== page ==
Carya-Casimiroa (Sturtevant, 1919)

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Sturtevant, Notes on edible plants, 1919
Carya-Casimiroa (Sturtevant, 1919)

Carya alba


North America. In 1773, at an Indian village in the South, Bartram[1] noticed a cultivated plantation of the shellbark hickory, the trees thriving and bearing better than those left to nature. Emerson[2] says this tree ought to be cultivated for its nuts which differ exceedingly in different soils and situations and often on individual trees growing in immediate proximity. In 1775, Romans[3] speaks of the Florida Indians using hickory nuts in plenty and making a milky liquor of them, which they called milk of nuts. He says: "This milk they are very fond of and eat it with sweet potatoes in it." The hickory nut now not only furnishes food to a large number of the Indians of the far West but is an important article in our markets and is even exported to Britain.

  1. Hist. Mass. Hort. Soc. 28. 1880.
  2. Emerson, G. B. Trees, Shrubs Mass. I:217. 1875.
  3. Romans Nat. Hist. Fla. I:68. 1775.

Carya microcarpa

Carya microcarpa Nutt. SMALL-FRUITED HICKORY.

Eastern North America. The nuts are edible but not prized.

Carya olivaeformis

Carya olivaeformis Nutt. PECAN.

A slender tree of eastern North America from Illinois southward. The delicious pecan is well known in our markets and is exported to Europe. It was eaten by the Indians and called by them pecaunes, and an oil expressed from it was used by the natives of Louisiana to season their food.[1] Its use at or near Madrid on the Mississippi by the Indians is mentioned in the Portuguese Relation[2] of De Soto's expedition. The pecan is now extensively cultivated in the Southern States for its fruit.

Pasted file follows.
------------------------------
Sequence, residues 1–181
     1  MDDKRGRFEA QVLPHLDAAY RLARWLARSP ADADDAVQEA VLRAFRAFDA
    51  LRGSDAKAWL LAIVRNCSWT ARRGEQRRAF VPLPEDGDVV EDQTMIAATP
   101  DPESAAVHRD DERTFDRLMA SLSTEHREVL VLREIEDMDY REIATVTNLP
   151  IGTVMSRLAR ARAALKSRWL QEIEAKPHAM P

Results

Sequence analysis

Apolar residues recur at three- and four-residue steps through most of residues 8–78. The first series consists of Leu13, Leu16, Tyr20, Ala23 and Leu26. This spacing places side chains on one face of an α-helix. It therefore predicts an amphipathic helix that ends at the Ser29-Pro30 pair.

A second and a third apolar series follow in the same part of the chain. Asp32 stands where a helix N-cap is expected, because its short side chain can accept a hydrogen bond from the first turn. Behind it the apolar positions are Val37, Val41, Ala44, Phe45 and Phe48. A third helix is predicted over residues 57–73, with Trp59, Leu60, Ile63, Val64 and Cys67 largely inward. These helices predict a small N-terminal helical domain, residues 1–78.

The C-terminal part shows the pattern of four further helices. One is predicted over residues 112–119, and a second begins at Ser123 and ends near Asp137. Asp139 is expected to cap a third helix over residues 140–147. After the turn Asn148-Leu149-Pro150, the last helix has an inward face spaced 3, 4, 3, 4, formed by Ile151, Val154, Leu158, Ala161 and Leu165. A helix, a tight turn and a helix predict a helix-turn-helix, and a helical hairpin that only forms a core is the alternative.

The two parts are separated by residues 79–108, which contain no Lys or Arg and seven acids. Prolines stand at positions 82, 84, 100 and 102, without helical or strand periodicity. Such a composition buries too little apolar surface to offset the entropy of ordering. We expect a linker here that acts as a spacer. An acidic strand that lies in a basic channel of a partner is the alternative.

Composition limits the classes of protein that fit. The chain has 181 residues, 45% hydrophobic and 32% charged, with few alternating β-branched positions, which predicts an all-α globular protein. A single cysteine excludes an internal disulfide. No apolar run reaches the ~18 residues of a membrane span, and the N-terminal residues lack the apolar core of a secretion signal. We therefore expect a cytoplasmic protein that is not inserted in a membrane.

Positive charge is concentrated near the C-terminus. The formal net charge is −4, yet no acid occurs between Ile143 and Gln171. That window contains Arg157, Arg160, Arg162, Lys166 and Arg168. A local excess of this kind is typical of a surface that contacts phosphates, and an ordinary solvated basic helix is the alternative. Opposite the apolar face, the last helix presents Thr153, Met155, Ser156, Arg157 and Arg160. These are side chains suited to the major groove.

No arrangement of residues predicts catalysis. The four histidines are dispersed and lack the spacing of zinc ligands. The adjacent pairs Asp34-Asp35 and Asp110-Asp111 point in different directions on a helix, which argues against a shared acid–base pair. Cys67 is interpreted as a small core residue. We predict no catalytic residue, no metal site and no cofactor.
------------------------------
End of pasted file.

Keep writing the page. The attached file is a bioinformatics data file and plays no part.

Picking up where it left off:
1. Pickering, C. Chron. Hist. Pls. 749. 1879.
  2. De Soto Disc, Conq. Fla. Hakl. Soc. Ed. 9:94. 1841.

Carya porcina

Carya porcina Nutt. BROOM HICKORY. PIGNUT.

North America. The pignut is a large tree of Eastern United States. The nuts are variable in form, hard and tough, the kernel sweetish or bitterish but occasionally eaten by children.

Carya sulcata

Carya sulcata Nutt. BIG SHELLBARK. KING NUT.

Pennsylvania to Illinois and Kentucky. The nuts of this tree are eaten by the Indians and are considered of fine quality. This is one of the species recommended for culture by the American Pomological Society.

Carya tomentosa


Eastern North America. This hickory bears a nut with a very thick and hard shell. The kernel is sweet and in some varieties is as large as in the shellbark, but the difficulty of extracting it makes it far less valuable. A variety is found with prominent angles, called square nut.[1]

  1. Emerson, G. B. Trees, Shrubs Mass. I:222. 1875.

Caryocar amygdaliferum

Caryocar amygdaliferum Cav. Ternstroemiaceae (Caryocaraceae). CARYOCAR.

A high tree in Ecuador. The kernel of the nut is edible and has the taste of almonds.[1] This is the almendron of Mariquita. "The nuts are fine."[2]

  1. Don, G. Hist. Dichl. Pls. I:654. 1831.
  2. Humboldt, A. Trav. 2:368. 1889.

Caryocar amygdaliforme

Caryocar amygdaliforme Ruiz & Pav.

Peru. The tree bears nuts that taste like almonds.[1]

  1. Don, G. Hist. Dichl. Pls.' I:654. 1831.